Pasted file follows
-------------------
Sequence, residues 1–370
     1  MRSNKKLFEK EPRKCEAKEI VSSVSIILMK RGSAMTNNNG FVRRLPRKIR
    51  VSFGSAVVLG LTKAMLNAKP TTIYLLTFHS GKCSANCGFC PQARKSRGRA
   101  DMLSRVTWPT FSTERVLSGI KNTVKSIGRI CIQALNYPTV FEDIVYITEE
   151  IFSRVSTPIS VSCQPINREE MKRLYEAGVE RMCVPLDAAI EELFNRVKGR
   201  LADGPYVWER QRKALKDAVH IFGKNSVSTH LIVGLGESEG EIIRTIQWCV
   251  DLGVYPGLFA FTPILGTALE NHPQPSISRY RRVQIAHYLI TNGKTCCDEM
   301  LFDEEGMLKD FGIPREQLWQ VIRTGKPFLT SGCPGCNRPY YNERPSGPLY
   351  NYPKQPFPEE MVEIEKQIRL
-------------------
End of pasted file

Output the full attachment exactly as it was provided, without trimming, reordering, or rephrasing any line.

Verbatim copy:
Sequence, residues 1–370
     1  MRSNKKLFEK EPRKCEAKEI VSSVSIILMK RGSAMTNNNG FVRRLPRKIR
    51  VSFGSAVVLG LTKAMLNAKP TTIYLLTFHS GKCSANCGFC PQARKSRGRA
   101  DMLSRVTWPT FSTERVLSGI KNTVKSIGRI CIQALNYPTV FEDIVYITEE
   151  IFSRVSTPIS VSCQPINREE MKRLYEAGVE RMCVPLDAAI EELFNRVKGR
   201  LADGPYVWER QRKALKDAVH IFGKNSVSTH LIVGLGESEG EIIRTIQWCV
   251  DLGVYPGLFA FTPILGTALE NHPQPSISRY RRVQIAHYLI TNGKTCCDEM
   301  LFDEEGMLKD FGIPREQLWQ VIRTGKPFLT SGCPGCNRPY YNERPSGPLY
   351  NYPKQPFPEE MVEIEKQIRL